Very Long Baseline Interferometry Imaging
Radio interferometry is an astronomical observing technique to obtain high-resolution images of radio sources. In particular, VLBI (very long baseline interferometry) uses a global network of radio telescopes spread across different continents to form a virtual Earth-sized telescope. The radio wave signals emitted by e.g. the hot plasma surrounding the black hole are recorded separately at the individual telescopes. Afterwards, the signals are cross-correlated for all pairs of antennas at a central location, e.g. at the Max Planck Institute for Radio Astronomy in Bonn, Germany or MIT Haystack Observatory in Westford, MA, USA. With the correlated signals measured on each baseline (the imaginary line connecting the two telescopes as seen from the observed source), an image of the emission surrounding the black hole can eventually be reconstructed.
The short baselines between telescopes located closely together give information about the large-scale structure of the source, and the long baselines between telescopes located far away from each other sample the detailed small-scale structure of the source. The larger the separation between the telescopes (or the longer the baseline), the higher is the resolving power. In order to reconstruct a high-fidelity image of the source, a VLBI array should include as many stations as possible and the resulting baselines should include both east-west and north-south orientations across different continents (as shown in the image). A VLBI observation is always performed for several hours so that the Earth rotates during the observations, changing the baselines as seen from the source, so that as many components of the source structure as possible can be sampled. The angular resolution of the VLBI array not only increases with the distance between the telescopes, but also with the frequency of the observed radiation. At frequencies of about 230 GHz, corresponding of a wavelength of 1.3 mm, Earth-size baselines correspond to an angular resolution of tens of microarcseconds, which is comparable to the size of an apple on the Moon. This is the highest angular resolution ever achieved in ground-based astronomy, and it allows us to observe supermassive black holes such as Sgr A* and M87 on scales comparable to the Event Horizon.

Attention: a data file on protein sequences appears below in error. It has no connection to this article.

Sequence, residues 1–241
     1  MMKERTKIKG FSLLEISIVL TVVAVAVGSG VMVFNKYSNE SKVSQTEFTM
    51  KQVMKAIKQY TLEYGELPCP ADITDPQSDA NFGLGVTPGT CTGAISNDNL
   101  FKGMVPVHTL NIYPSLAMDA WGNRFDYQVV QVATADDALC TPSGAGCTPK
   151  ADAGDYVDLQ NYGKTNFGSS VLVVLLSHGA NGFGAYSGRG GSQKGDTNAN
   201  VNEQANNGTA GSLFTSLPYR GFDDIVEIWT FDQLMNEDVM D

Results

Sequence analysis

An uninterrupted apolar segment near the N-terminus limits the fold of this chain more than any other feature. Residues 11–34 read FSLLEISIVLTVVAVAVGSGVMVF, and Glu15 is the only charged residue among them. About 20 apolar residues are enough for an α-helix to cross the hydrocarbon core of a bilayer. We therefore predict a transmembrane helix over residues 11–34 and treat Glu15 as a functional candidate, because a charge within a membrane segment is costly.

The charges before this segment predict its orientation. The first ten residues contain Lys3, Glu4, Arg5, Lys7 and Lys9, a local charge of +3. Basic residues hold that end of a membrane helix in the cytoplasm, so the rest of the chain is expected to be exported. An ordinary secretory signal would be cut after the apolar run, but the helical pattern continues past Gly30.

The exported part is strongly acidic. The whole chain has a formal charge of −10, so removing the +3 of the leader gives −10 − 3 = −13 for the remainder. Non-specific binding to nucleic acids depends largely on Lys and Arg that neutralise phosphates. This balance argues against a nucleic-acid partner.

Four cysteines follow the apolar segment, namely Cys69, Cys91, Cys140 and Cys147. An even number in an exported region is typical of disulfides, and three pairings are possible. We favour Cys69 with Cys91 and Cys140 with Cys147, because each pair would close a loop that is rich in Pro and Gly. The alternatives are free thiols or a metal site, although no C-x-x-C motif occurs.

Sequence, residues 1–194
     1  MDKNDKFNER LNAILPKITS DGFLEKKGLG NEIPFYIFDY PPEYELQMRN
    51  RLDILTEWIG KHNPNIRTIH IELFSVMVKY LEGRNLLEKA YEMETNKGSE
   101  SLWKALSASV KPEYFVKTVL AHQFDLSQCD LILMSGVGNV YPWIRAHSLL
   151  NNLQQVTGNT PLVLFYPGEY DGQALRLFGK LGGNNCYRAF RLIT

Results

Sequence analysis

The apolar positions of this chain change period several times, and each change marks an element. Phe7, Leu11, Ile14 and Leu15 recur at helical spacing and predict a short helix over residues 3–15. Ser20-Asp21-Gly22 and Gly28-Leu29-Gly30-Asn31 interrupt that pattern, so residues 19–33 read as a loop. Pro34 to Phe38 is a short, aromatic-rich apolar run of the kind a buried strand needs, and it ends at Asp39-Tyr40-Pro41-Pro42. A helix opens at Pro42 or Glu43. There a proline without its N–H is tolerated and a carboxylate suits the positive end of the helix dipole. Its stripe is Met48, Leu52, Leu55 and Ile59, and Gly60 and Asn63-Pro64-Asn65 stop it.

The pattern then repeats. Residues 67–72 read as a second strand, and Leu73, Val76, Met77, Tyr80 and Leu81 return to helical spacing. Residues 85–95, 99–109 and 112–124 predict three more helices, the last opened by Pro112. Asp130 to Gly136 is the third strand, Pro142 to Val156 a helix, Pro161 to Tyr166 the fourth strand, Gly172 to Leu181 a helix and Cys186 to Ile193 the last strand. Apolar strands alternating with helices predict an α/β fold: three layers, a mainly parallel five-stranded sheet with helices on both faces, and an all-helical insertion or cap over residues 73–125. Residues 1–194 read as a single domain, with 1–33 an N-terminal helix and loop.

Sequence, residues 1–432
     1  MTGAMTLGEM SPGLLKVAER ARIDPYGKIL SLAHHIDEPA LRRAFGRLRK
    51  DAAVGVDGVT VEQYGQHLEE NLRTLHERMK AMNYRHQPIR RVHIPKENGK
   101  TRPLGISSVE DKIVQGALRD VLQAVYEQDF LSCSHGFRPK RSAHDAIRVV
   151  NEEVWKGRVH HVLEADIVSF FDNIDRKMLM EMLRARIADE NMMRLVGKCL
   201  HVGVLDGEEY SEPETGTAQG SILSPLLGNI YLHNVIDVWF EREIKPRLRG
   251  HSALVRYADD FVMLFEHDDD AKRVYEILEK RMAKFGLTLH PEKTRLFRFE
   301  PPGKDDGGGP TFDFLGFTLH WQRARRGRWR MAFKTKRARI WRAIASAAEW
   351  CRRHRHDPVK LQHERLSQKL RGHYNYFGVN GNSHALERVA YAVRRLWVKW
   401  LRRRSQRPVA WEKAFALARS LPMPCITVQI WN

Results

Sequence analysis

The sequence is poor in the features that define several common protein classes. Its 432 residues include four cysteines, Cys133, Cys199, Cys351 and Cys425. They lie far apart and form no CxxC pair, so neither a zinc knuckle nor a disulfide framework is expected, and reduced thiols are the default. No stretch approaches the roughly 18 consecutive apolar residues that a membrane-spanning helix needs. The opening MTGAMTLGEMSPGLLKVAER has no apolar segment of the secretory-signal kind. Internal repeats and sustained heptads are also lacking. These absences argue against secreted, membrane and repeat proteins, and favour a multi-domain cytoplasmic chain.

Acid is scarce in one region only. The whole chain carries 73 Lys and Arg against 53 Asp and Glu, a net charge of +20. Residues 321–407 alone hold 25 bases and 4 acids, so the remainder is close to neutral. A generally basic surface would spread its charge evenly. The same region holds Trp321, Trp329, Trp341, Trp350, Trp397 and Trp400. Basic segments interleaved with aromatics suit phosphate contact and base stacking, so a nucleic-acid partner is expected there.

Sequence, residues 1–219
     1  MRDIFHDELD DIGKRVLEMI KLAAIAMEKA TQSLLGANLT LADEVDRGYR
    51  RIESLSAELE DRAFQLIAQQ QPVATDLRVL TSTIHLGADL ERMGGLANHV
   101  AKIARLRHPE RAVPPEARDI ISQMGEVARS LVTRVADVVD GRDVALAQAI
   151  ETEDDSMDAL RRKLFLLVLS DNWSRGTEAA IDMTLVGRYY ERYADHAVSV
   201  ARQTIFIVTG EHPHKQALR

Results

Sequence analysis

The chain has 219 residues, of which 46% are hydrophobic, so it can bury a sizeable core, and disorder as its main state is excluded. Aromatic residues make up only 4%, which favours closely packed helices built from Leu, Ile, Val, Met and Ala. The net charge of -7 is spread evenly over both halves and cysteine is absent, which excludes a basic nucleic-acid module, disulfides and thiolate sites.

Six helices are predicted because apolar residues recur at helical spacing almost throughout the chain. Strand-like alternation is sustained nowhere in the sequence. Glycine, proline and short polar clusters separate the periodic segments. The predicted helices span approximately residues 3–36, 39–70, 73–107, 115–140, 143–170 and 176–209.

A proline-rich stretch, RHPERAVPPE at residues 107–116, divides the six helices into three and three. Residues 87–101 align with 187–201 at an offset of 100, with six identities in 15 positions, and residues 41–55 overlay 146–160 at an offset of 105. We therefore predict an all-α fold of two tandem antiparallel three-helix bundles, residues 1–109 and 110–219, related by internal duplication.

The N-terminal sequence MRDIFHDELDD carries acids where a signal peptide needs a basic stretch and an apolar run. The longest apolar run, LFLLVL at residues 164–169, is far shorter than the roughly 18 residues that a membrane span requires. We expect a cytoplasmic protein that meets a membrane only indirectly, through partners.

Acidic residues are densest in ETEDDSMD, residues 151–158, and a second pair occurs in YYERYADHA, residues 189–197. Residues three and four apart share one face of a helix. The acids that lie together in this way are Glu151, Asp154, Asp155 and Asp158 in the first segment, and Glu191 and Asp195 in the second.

For this purpose, an international collaboration, including BlackHoleCam, has assembled the Event Horizon Telescope (EHT), a mm-VLBI network of existing (and up-coming) mm-wavelength telescopes spread across several continents to form a global interferometer. The EHT includes mm-telescopes in Europe (IRAM Pico Veleta, and the up-coming phased-NOEMA), USA (JCMT/SMA, SMT, KPNO), Mexico (LMT), South America (APEX, ALMA), and South Pole. The first observations are scheduled for April 2017. For more details, please visit the EHT website.
Simulating VLBI observations
In order to interpret the reconstructed image of a black hole, it is important to simulate VLBI observations. With VLBI simulation software (e.g. MAPS, eht-imaging, MeqSilhouette), we can generate mock data for a given input black hole model image or movie and specified locations and properties of the telescopes. The effects of different signal corruptions due to e.g. water vapor in the atmosphere, telescope pointing errors, or instrumental noise can be added to the simulated data in order to obtain a realistic observation. An image can then be reconstructed from the simulated data, which will give us an idea of the image quality we can hope to achieve. Datasets can be simulated for different black hole models, which may include different black hole masses, spins, temperature prescriptions of the radiating plasma surrounding the black hole, viewing angles, or orientations on the sky. Simulated data sets of different models may then be compared to the observational data in order to determine which model is the best description of the observed black hole. These models are usually GRMHD simulations.
The movie below shows an example of such a GRMHD simulation for Sgr A*, where the turbulent plasma is orbiting the black hole on time scales of a few minutes (credit: Hotaka Shiokawa). This short-term variability poses a challenge for the image reconstruction, as it takes a few hours to conduct a VLBI observation. Like with an ordinary camera photographing a fast moving object with a long exposure time, this may seriously degrade the image quality. However, using some tricks, such as observing the source for multiple days and averaging the resulting data sets, we can still obtain a high-fidelity image of the black hole shadow. The lower image was reconstructed from simulated data of this GRMHD movie using a simulated observation with the Event Horizon Telescope array. This simulated observation was performed with the program MAPS, but in the future we plan to perform simulations with MeqSilhouette, which is currently under development and will contain more realistic signal corruption effects.
More examples of image reconstructions
GRMHD model and VLBI image reconstruction of M87. Credit: Moscibrodzka (BHCAM, Radboud University), Akiyama (MIT).
GRMHD model and VLBI image reconstruction of Sgr A*. Credit: Moscibrodzka (BHCAM, Radboud University), Akiyama (MIT).